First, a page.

10
5
0
M38 M39 M42 M43 M44 M45

Figure 5 AARE for M38, M39, M42, M43, M44, and M45

Figures 4-6, and 4-7 show the average absolute relative error
obtained from the three correlations in our study, these figures showed the
best correlation was Al-Shammsi correlation in the 13 wells, group “C”,
form the 46 wells, these wells are M2, M5, M6, M8, M12, M16, M17,
M29, M33, M36, M37, M40, and M46, the lowest AARE for Al-Shammsi
correlation in group “C” is 0.046 %, while the highest AARE is 12.56 %.

20 St Lad Alshm

15
AARE%

10

0
M2 M5 M6 M8 M12 M16 M17

Figure 6 AARE for M2, M5, M6, M8, M12, M16, and M17

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35 St Lad Alshm
30
25

AARE%
20
15
10
5
0
M29 M33 M36 M37 M40 M46

Figure 7 AARE for M29, M33, M36, M37, M40, and M46

1.5 The comprehensive study for the all wells together


A comprehensive study was performed to compare between these
three targeted empirical correlations. In this part we used the Graphic Error
Analysis to help visualizing the accuracy of the studied correlations.
In this technique the calculated values of the bubble point pressure were
plotted against the measured bubble point pressure with a 45° straight line,
the closer the plotted data points are to this line, better the correlation.
Figures 4-8, 4-9, and 4-10 illustrate the behavior of the calculated bubble
point pressure (Pb) by the Standing, Labedi and Al-Shammasi correlation
respectively compare with the lab points for all wells together.
Most of the calculated points of the all three targeted empirical
correlations fall very close to the 45o line.
Second step in this part we performed a comprehensive study for the
three correlations in one figure to be decided the exits perfect correlation.

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Dr. Mustafa O. Sharrad et al.,‫ـــــــــــــــــــــــــــــــــــــــــــــــــــــــــــــــــــــــــــــــــــــــــــــــــــــــ‬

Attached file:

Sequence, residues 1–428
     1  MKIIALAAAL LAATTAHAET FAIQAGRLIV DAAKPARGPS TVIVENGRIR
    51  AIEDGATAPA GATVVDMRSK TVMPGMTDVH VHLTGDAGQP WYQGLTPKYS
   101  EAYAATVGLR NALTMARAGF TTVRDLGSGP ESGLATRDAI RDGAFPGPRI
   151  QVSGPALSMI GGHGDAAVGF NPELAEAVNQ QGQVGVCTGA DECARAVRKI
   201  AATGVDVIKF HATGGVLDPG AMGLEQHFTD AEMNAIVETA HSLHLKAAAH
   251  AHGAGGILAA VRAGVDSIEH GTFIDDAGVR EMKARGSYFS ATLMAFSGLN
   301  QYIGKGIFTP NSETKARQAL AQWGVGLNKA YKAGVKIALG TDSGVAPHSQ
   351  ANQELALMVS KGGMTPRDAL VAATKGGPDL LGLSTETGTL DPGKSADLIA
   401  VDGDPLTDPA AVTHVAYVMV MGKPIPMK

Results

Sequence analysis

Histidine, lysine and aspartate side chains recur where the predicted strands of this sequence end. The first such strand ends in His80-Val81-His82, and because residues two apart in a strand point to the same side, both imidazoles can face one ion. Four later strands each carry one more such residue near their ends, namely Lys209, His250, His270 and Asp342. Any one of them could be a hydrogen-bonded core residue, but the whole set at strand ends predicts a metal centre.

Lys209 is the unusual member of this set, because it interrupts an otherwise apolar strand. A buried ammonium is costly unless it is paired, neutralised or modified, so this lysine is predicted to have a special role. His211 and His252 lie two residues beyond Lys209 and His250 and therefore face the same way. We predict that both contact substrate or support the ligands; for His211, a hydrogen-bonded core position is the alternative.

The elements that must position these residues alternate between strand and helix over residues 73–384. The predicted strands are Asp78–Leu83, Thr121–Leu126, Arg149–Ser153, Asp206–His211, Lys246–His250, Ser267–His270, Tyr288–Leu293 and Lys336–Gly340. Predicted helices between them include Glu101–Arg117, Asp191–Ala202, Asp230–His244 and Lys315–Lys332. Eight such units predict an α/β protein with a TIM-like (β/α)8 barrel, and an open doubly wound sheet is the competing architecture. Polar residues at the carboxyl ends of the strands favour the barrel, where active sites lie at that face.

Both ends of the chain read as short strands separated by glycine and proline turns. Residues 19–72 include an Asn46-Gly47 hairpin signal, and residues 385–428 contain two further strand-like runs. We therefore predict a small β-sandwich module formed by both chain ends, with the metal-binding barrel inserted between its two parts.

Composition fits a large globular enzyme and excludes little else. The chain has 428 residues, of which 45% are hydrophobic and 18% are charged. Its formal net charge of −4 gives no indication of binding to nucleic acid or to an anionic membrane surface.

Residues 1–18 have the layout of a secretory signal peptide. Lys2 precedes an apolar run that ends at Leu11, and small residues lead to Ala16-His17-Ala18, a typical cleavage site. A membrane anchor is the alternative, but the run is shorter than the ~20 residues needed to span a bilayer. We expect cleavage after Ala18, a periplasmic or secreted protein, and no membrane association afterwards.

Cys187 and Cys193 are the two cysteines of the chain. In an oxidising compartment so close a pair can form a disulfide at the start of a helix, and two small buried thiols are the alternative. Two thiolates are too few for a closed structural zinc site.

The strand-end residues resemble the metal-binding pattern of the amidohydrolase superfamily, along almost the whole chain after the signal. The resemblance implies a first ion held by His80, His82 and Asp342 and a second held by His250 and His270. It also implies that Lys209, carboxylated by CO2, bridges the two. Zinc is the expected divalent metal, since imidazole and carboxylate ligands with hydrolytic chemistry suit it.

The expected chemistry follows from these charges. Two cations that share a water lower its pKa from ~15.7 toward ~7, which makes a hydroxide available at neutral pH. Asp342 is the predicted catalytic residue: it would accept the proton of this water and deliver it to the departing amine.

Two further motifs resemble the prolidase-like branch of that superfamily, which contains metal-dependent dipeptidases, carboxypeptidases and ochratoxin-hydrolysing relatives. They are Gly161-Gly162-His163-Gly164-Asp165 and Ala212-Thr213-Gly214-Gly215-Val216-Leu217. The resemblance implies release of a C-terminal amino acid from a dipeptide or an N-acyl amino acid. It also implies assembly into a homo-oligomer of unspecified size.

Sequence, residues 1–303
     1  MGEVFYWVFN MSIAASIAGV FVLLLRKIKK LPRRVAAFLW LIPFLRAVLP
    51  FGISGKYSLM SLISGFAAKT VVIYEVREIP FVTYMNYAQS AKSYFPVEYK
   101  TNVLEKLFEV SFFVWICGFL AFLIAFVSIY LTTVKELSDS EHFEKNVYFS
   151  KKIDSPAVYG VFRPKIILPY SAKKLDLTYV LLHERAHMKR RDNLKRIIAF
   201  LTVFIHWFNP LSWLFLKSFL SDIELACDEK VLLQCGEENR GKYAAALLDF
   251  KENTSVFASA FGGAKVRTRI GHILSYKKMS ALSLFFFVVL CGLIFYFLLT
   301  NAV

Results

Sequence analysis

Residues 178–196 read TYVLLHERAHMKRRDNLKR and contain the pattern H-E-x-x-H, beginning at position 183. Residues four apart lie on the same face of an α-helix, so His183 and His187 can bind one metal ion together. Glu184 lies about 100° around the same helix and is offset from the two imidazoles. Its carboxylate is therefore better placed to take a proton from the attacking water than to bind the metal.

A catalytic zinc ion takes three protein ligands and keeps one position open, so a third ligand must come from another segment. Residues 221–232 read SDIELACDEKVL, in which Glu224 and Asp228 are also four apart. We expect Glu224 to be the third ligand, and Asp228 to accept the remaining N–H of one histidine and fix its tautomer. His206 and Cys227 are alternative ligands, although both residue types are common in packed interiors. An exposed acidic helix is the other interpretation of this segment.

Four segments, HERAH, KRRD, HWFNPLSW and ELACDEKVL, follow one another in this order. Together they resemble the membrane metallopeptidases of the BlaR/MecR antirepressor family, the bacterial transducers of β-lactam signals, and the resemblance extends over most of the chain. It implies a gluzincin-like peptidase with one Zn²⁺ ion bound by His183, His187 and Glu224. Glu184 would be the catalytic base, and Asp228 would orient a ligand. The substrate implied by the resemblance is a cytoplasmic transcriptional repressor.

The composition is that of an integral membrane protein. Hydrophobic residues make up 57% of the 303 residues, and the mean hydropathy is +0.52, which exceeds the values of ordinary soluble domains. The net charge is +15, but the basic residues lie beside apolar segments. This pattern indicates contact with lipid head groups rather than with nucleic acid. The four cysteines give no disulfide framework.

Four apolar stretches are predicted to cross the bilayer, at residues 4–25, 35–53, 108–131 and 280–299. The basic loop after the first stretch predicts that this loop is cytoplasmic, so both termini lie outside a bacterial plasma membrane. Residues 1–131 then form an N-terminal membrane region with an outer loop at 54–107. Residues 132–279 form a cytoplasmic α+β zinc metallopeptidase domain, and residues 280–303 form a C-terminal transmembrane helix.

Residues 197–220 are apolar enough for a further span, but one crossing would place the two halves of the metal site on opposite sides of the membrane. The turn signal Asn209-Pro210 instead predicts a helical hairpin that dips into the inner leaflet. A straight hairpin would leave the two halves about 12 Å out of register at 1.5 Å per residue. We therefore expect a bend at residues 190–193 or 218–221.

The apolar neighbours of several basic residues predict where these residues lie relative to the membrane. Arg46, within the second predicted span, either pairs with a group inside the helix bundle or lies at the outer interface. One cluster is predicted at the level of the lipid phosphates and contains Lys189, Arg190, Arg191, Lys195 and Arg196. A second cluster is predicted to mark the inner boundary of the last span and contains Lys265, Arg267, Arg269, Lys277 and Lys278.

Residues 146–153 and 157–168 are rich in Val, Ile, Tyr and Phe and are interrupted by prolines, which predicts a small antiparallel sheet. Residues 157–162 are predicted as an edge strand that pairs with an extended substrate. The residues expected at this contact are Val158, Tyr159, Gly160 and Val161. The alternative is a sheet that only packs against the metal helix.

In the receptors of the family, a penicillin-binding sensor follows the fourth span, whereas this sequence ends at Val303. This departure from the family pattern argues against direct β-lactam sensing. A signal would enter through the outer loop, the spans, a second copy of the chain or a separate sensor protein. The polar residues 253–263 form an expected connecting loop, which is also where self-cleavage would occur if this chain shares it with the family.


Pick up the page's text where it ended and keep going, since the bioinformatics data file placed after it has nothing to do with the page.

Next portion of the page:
4000

Calcolated babble point pressure (psi)


3500

3000

2500

2000

1500

1000

500

0
0 500 1000 1500 2000 2500 3000 3500 4000
Measured babble point pressure (psi)

Figure 8 Cross plot of Bubble point pressure for standing correlation

4000

3500
Calcolated babble point pressure (psi)

3000

2500

2000

1500

1000

500

0
0 500 1000 1500 2000 2500 3000 3500 4000
Measured babble point pressure (psi)

Figure 9 Cross plot of Bubble point pressure for Labedi correlation

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4000

3500
Calcolated bubble point pressure (psi)
3000

2500

2000

1500

1000

500

0
0 1000 2000 3000 4000

Measured bubble point pressure (psi)

Figure 10 Cross plot of Bubble point pressure for Al-Shammasi correlation

4000
3500

3000
2500
Calculate Pb (Psia)

2000
1500
1000
500 alshm Lad st
0
0 500 1000 1500 2000 2500 3000 3500 4000
Measured Pb(Psia)

Figure 11 Cross plot of Bubble point pressure for three mentioned correlations

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Dr. Mustafa O. Sharrad et al.,‫ـــــــــــــــــــــــــــــــــــــــــــــــــــــــــــــــــــــــــــــــــــــــــــــــــــــــ‬

Figure 4-11 shows the scheme of the expected values of the bubble
point pressure by correlations which used in this study vs. the lab measured
data (measured bubble point pressure).
The results showed that in general most of correlations presented
results close to the 45° line, it’s clear that from the figure Standing’s
correlation was the closest one to the 45° line followed by Labedi and Al-
Shammasi correlations.
To be more precise, we do other Statistical Error Analysis which is